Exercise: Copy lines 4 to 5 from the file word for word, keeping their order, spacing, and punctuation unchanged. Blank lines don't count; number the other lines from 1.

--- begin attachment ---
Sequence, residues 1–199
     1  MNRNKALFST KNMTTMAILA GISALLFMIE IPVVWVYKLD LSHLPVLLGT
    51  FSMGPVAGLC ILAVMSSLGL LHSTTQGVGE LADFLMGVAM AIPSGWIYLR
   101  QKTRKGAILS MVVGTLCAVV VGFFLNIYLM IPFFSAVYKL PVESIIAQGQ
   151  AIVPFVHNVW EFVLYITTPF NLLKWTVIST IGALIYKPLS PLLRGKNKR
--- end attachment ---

   101  QKTRKGAILS MVVGTLCAVV VGFFLNIYLM IPFFSAVYKL PVESIIAQGQ
   151  AIVPFVHNVW EFVLYITTPF NLLKWTVIST IGALIYKPLS PLLRGKNKR